While George Soros today said that he believed the worst consequences to the financial system are past, he was far from bullish about the economy. The veteran investor believes that the real world impact is only beginning to be felt.
Given that the last housing recession of the late 1980s-early 1990s took 15 quarters to reach bottom, Soros’s forecast is consistent with historical patterns.
Billionaire investor George Soros said the “acute phase” of the financial crisis is “largely behind us” even as the U.S. economy is only now starting to feel the effect.
The damage done to the global financial system “has to affect, in my opinion, the real economy,” Soros, 77, said in a question-and-answer session in Washington today. “The effect of that is only beginning to be felt. There is a certain time lag.”
Just as housing prices “overshot on the upside,” they will overshoot on the way down, Soros said. The U.S. is in the “very beginning of an uptrend” in foreclosures, he said at an event hosted by the Council on Foreign Relations…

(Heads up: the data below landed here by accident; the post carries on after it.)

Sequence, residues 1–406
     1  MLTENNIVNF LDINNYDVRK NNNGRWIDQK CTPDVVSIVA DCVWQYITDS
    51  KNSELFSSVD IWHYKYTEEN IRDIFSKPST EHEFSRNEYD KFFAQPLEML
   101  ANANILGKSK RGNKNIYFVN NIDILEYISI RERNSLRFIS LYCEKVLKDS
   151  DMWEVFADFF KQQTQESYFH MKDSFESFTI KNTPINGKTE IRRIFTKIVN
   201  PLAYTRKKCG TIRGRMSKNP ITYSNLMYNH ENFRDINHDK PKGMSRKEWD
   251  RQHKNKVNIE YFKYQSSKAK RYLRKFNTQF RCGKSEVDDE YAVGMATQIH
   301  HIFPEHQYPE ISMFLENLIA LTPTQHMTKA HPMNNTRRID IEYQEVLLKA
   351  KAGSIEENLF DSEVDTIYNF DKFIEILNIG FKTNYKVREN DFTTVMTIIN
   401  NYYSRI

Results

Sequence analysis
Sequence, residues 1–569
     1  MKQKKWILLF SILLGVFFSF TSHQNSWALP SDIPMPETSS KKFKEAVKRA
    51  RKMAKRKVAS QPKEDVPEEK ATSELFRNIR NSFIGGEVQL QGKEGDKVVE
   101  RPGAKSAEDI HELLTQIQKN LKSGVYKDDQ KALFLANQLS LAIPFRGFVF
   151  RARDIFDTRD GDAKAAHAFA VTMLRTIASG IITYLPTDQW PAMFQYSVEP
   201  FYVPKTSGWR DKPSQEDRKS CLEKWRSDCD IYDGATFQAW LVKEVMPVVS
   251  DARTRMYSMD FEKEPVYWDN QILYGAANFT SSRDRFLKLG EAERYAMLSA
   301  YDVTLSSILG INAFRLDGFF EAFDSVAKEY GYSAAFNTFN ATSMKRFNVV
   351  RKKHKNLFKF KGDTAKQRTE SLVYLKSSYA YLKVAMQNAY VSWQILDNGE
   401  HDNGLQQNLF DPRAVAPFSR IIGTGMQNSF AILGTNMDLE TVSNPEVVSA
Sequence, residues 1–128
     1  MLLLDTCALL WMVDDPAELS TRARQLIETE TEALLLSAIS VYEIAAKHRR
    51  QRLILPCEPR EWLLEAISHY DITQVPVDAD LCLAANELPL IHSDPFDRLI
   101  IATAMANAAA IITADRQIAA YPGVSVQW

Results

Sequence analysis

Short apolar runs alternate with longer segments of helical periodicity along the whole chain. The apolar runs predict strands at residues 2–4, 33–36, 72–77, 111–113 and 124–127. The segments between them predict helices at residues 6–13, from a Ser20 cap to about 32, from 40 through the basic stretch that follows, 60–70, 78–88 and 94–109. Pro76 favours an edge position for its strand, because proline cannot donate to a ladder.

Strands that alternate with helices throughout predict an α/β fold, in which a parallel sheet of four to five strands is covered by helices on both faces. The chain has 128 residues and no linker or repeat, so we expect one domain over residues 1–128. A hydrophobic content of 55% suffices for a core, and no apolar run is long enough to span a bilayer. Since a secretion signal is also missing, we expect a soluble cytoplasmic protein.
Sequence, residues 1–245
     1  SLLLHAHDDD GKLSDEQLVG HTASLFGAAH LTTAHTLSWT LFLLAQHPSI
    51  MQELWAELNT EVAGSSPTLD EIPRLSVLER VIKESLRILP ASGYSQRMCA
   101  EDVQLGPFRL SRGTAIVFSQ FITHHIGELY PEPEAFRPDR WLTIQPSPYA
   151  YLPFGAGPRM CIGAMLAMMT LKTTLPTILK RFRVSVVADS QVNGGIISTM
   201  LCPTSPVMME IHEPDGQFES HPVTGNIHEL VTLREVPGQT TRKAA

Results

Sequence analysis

Sovereign wealth funds have been a “positive factor” in stabilizing U.S. financial companies, Soros said. Certain “standards” need to be set for the funds because they could come under political influence, he said….
U.S. stocks are in “a bear-market rally,” Soros said. The Dow Jones Industrial Average has risen 10 percent since March 10…
Soros earned an estimated $2.9 billion last year, ranking second after John Paulson, founder of New York-based Paulson & Co., according to Institutional Investor’s Alpha Magazine.
Talking his book?
Consumer credit grew 7% annualized in Mar. Previous months revised up. Unless we think the fed is going to fail, then we no strike that the investment banks are out of ICU. However to the point of the complex systems post, the quarantine came way to late – say about a decade or so. Therefore, I’d take his all clear in the same light as Fuld, Mack, etc. PR noise. begs the question of what exactly si the Fed’s endgame or as Krugman asks what is the equilibrium? Imagine what the US would look like if the market clearing equilibium were allowed to run its course.
Real info for real cash flow:
As of Thursday (March 31, 2008) Vanguard’s Treasury Money Market fund was yielding 2.35%. But other funds that had invested heavily in the repo market or had high expenses have seen their yields drop precipitously. On Monday, the yield on certain share classes of First American Treasury Obligations was 0.05%; for certain share classes of Federated Treasury Obligations, the yield was 0.12%.
As of 04/28/2008 Yield = 2.24% (C — AVERAGE ANNUALIZED INCOME DIVIDEND OVER PAST 7 DAYS)
As of May 7, 2008 Yield is @ 2.11%